Venipuncture is the extraction of blood from the vein by using a syringe and a needle, while capillary puncture, also know as “finger stick”, is the collection of blood by puncturing the palmar surfaces of the fingers, ear lobes, big toe (in infants,) with the use of a lancet and a capillary tube or an appropriate specimen holder.
These are both methods of specimen collection, but there are advantages of each method over the other. They are used according to the specimen requirements and depending upon the amount of blood specimen needed for the laboratory test.
The following are advantages of venipuncture over capillary puncture:
1. Venipuncture allows the collection of more volume of blood because multiple collections could be done. The patient’s condition should be considered however; if there is no danger to the patient and several tests are required, then multiple tubes maybe collected. A single puncture with multiple tubes would avoid repeated performance of the procedure. For infants, the capillary stick is preferred because large specimen collections are not advisable as this may cause a decrease in the total blood volume of the infant.
Capillary puncture on the other hand, will be inappropriate for multiple tubes as blood specimen would only come from the capillaries, while that of venipuncture is from the veins.
2. Venipuncture allows you to store blood for future and additional testing because vacutainer tubes could be used, while capillary could only store very little volumes.
3. Although a big needle is used in venipuncture when done properly, it is less painful than capillary stick. This is because there are more nerve endings in the puncture sites for capillary puncture.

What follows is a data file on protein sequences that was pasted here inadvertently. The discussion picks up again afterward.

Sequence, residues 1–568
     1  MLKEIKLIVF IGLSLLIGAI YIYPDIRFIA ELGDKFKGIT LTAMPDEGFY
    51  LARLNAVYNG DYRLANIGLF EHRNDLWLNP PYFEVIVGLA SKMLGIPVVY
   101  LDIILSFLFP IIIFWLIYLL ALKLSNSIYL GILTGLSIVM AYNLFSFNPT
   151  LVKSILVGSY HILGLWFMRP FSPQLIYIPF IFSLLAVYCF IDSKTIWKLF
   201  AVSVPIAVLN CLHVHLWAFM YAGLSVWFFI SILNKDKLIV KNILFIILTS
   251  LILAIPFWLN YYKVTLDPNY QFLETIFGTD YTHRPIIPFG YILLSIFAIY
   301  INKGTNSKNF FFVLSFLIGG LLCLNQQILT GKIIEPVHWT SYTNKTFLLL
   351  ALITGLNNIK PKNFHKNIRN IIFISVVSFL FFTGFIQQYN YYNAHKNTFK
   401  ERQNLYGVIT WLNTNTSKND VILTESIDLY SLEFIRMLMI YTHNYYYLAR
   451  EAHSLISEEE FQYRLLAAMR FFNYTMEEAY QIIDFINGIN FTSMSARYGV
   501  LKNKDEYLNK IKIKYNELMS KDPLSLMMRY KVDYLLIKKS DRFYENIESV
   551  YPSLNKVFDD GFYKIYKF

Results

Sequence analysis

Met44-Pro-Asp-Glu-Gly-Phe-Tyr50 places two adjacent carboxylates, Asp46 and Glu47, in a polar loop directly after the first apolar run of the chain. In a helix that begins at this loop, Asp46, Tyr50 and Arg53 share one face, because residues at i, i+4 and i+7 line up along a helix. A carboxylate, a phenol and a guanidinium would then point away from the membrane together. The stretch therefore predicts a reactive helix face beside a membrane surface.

4. There are some special tests which could only be performed on a venous collection.
5. Venipuncture allows more options with regards to site selection. Suitable veins could be found all over the body. Exceptions are seen in obese and burnt patients.
6. Venous blood yield more dependable results as the specimen comes directly from the circulation.
It would also be noteworthy to mention the disadvantages of venipuncture:
1. To avoid complications, it should only be performed by a skilled phlebotomist.
2. It is difficult to perform on obese patients and victims of severe burns, because veins are not visible and could not be palpated.
Whatever the method of specimen collection you decide to use, the observation of the correct procedure and awareness of the precautions would contribute significantly to the reliability of results. The patient’s welfare should be foremost in your mind – as the clinical laboratory scientist or medical technologist. And this could only start with the proper venipuncture procedures.